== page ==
IFTA 2011 Summer Study Tour: Great Britain, Holland, and Belgium.

Day 2 and 3, more Great Britain

To start off Day 2, we visited Oliver Doubleday, Managing Director, G. H. Dean & Co., a 150-year-old brick-making (literally) family farm. Although we first saw older cherry orchards of mixed varieties — ‘Bradbourne Black’ for example, which were still on the trees and quite tasty! — of medium to large tree size on Colt rootstocks, cherry orchards are being replanted to dwarfing Gisela 5 rootstocks with non-cracking varieties like ‘Regina’ (60% of the new orchard), Kordia,’ and ‘Karina.’ For example, we visited a newly planted 8 hectare block (right). Doubleday also expressed an interest fruit quality enhancement with modified atmosphere storage/packaging of cherries to extend the marketing season.

Young 'Regina' cherry orchard on Gisela 5 rootstock

Pondering the Bramley apples...

Afterwards we were at the 350 acre Broadwater Farm for a tour of their orchards and fruit landing by Peter Checkley. The orchard is largely based on M.26 rootstock planted at app. 700 trees per acre. Of interest was the fact they were already picking and selling ‘Bramley’ apples, a large green apple popular in the U.K. for applesauce and pies. Here, left to right, a Boradwater employee, Bill Dodd, Phyllis and Mo Tougas, and Geraldine Warner appear to be thinking “now what?” with those Bramley apples? Fortunately, Checkley says they are doing very well with Gala apples in the U.K. now, something we could better relate-to.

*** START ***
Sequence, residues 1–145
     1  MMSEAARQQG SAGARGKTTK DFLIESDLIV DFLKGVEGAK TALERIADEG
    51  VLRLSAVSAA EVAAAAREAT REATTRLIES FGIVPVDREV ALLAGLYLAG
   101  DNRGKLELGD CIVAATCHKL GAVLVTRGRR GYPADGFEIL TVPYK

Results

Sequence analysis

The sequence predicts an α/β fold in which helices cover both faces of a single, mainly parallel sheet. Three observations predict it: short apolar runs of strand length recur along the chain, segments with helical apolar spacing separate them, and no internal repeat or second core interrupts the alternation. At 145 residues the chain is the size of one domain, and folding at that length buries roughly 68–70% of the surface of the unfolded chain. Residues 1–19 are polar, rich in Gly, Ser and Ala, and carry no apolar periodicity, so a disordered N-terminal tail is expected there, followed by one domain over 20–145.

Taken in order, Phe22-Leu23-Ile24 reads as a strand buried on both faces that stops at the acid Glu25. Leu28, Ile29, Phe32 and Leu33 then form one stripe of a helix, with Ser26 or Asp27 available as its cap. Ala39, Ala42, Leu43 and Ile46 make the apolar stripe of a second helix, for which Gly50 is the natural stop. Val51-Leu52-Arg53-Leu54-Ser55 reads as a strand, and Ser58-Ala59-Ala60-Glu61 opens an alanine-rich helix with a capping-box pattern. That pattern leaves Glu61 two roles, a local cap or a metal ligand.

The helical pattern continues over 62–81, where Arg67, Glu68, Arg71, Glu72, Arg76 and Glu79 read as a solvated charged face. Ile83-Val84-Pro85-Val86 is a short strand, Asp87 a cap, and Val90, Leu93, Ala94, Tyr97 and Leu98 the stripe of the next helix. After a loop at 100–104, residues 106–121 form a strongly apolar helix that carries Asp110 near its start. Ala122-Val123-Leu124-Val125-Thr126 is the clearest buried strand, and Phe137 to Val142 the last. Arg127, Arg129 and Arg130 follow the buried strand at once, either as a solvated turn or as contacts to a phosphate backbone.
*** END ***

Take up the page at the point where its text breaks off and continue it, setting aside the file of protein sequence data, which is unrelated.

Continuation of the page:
A Day 2 afternoon tour of the ‘Concept Apple Orchard’ planted in 2006 at the Rankins Farm by Tony Sunnucks (J. R. Sunnucks) commenced. The ‘Concept’ orchard is an industry-sponsored, 1 X 3 meter planted to Gala, Braeburn, and Cox Orange Pippin among others. Sunnucks noted that Cox Orange Pippin was the #1 apple in England, but it has been replaced by Gala. Fruit quality and apparent yields here were impressive, with target yields of 60 tonne/hectare (app. 1,300 boxes/acre) probably being realized here in the 6th-leaf.

Tony Sunnucks in 'concept' apple orchard

Peter Hall, organic grower of apples, wine grapes, and hops

Wednesday morning, Day 3, we drove out into the country town of Marden to see Peter Hall (H. E. Hall & Son), organic growers of apples, wine grapes, and hops. His apple production is split 50/50 between organic desert (Gala, Braeburn) and Bramley apples. Hall says he prefers the ‘science and technology’ vs. ‘muck and magic’ approach to growing organic apples, and he says “organic apples are much easier to grow intensively.” He goes on “timing is everything,” relying on predictive models to control scab with liquid sulfur sprays and insecticidal soap for sucking insects (rosy apple aphids) and mating disruption for codling moth. Most concurred that Hall’s organic apple orchard was the nicest ever seen!

For more pictures, see the Day 2 and 3 gallery. Or view on Flickr

©2011 Jon Clements and the UMass Fruit Advisor

(Reporting for American/Western Fruit Grower)